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Tuesday, November 18, 2008

Fourth Millennium (12)


8 The One That Got Away

Optical transplant surgery was relatively uncommon in 30th century St. George. Those unfortunate enough to lose their eyesight, even their eyes, faced an extremely expensive course of treatment, with no guarantee whatsoever, of success. Therefore, such procedures were the unfortunate luxury of the extremely affluent. Even for those who possessed the wherewithal to squander on executive, vanity gadgetry, which was how most people classified artificial eyes, it presented a gamble that few were prepared to take. It was an extremely risky operation, requiring as it did, much more than merely a successful graft to the optic nerve. Other considerations to take into account, included compatibility with the unique function of each individual’s visual cortex, perception of images, and each individual brain’s sensitivity to image definition. Effects or more accurately, defects, that patients could expect to experience, or suffer, covered the entire range of the characteristics of photographic filters. Success or failure of the operation was not gauged so much in terms of whether or not it actually provided any sort of vision, but in terms of the longevity of the laboratory developed tissues. The results of the surgery varied vastly, in terms of quality and longevity.
As yet, a lifetime of anything, from a few hours to several months was considered the ‘rule’. The exception was perfect vision for the remaining lifetime of the patient; an unprecedented achievement, until now, when it seemed to apply in the case of just one, solitary recipient. Perfect and permanent ability to see once more, was what he could potentially and quite literally expect to look forward to.
Rejection, which was more generally the outcome, was not detectable until after the new eyes had been positioned permanently.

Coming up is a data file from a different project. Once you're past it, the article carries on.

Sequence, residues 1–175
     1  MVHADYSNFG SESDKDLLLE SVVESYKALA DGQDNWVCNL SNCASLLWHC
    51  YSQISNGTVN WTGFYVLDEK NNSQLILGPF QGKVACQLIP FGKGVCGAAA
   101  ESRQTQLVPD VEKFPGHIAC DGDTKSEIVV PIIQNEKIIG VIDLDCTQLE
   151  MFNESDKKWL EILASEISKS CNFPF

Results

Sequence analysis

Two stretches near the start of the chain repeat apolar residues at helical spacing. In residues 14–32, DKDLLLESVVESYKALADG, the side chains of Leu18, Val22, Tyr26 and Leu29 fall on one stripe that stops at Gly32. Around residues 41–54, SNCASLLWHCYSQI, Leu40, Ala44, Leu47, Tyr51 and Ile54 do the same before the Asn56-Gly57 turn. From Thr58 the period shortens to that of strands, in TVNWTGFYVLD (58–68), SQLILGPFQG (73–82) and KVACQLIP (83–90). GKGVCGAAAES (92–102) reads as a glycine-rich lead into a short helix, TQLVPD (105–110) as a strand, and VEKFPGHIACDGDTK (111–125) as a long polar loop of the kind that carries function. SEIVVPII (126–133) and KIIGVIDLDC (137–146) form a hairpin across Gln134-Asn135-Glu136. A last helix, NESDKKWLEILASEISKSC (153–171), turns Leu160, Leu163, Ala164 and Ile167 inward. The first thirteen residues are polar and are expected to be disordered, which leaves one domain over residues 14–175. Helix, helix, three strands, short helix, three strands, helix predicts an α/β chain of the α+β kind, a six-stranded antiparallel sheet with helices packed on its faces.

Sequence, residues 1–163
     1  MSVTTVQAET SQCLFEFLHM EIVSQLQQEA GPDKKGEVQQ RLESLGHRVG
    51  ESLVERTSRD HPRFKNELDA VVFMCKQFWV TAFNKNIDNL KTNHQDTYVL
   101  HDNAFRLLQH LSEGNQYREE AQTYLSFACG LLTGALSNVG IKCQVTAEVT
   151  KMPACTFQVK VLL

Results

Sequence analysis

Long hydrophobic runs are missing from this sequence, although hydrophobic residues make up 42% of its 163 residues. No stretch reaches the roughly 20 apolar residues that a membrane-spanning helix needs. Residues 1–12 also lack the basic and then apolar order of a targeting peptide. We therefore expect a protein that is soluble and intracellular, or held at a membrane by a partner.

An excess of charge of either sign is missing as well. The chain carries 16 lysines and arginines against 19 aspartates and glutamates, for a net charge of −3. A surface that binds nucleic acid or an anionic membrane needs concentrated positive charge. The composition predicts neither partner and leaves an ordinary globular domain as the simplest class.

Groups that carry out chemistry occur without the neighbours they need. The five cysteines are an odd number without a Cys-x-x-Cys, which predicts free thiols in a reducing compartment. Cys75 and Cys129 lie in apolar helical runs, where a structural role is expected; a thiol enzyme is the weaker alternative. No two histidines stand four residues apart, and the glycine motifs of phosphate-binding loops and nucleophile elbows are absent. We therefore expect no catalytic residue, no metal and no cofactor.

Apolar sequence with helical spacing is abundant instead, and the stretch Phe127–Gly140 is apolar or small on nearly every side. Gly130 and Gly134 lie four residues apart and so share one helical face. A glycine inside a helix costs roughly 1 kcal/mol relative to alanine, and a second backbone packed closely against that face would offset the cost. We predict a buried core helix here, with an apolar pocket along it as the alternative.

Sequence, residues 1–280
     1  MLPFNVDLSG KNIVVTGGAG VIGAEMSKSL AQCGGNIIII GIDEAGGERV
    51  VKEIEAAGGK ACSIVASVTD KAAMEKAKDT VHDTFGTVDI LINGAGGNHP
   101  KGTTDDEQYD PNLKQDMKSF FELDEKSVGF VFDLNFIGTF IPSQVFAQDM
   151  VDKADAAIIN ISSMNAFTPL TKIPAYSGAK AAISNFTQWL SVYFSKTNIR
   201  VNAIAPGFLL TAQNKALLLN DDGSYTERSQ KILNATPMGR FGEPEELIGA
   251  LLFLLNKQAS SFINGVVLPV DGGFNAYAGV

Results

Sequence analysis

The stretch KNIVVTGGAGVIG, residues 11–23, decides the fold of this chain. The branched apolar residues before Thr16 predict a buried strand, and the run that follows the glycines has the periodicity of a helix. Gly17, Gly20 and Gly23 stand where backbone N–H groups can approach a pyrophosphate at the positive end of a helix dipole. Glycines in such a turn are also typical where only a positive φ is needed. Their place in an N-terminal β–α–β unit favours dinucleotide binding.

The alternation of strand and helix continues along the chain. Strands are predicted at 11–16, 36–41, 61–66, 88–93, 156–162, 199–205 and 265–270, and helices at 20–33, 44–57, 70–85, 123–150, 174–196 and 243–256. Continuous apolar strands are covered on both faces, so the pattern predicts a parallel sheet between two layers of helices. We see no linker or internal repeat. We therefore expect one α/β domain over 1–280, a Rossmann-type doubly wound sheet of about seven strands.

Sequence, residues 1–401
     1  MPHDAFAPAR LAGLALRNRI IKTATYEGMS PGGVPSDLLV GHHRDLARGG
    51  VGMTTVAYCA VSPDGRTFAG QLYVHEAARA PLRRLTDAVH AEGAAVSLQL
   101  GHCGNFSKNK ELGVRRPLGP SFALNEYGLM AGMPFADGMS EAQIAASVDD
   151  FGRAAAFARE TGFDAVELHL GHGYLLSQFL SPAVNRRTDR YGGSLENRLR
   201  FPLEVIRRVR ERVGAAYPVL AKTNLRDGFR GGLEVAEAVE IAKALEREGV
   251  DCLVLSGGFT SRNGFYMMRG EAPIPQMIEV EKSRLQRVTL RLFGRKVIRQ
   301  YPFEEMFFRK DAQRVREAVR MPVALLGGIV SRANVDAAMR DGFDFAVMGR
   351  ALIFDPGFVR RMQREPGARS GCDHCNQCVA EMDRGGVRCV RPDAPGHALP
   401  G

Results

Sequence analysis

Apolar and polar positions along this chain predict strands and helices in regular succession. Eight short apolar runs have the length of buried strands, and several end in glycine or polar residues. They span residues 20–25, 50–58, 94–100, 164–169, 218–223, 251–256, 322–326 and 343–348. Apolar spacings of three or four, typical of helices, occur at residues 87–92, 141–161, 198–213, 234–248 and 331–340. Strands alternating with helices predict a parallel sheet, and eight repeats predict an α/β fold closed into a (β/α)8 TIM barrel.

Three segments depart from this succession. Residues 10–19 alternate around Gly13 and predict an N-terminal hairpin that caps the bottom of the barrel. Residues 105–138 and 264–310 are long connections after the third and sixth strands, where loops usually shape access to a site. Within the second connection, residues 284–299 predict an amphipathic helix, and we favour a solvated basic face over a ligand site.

The art, or science, of artificial generation of tissues, had been far from perfected, but as all forms of cloning had been vehemently opposed by the ultra-religious, ethical and moral, pressure groups that formed the solid coalition government, it was the only available option. With cloning outlawed, there was never going to be any opposition to the artificial techniques, but the process had taken decades to develop to even a less than satisfactory standard.
For Marc; full name, Marcel Carpenter, the surgical procedure had been a complete success, as far as anybody was able to tell. A mere two hours under the knife, followed by three days of tests and observation to ensure correct function; much longer than most patients new eyes survived. This seemed a small price to pay for his unique success story. The monetary cost, however, was a staggering, two million Dollars.
Fortunately for Marc, he was well capable of footing the equally unprecedented medical bill.
The average income in Port Elizabeth, the capital city of the island nation of St. George, was just one thousand dollars; double the national average in the democratically governed independent republic. There were no poor people among the fifty million plus inhabitants of the island. Full employment had always been the proud boast of every president in almost five hundred years of modern history.
In 2965, the year of Marc’s operation, one thousand dollars could buy a brand new, family Hoverjet; the trackless, self-navigating, popular conveyance of the time. Ten thousand could purchase a six-room apartment in a respectable neighbourhood of any major centre of population. However, none of these expenses were of concern to Marc. He had been born into money.
His father, who had been killed in the skiing accident that led to Marc’s own hospitalisation, had been the president of Transys, a company of trend analysis experts, whose job it was to compare and contrast products versus produce. In other words, the complete spectrum of attitudes; pro’s and cons, likes and dislikes; preferences, to modern, genetically modified foodstuffs, or natural, traditionally yielded food with its erratic variation in quality and quantity, availability and price.
By only nineteen years of age, Marc was already number one in his field of expertise. The work of his father’s company was wholeheartedly supported, and backed, by the government, who advocated the promotion of the ‘natural’, and a return to more traditional values, when it came to lifestyle choices.
As a direct result of his father’s death, Marc was the natural successor to the day to day running of the organisation; a task for which he required the use of his eyes. From being a very rich and successful employee of the company, he became the billionaire owner, overnight. This was thanks, in no small measure, to the success of his eye surgery. He had been the youngest patient to undergo the procedure, which many doctors attributed to its success.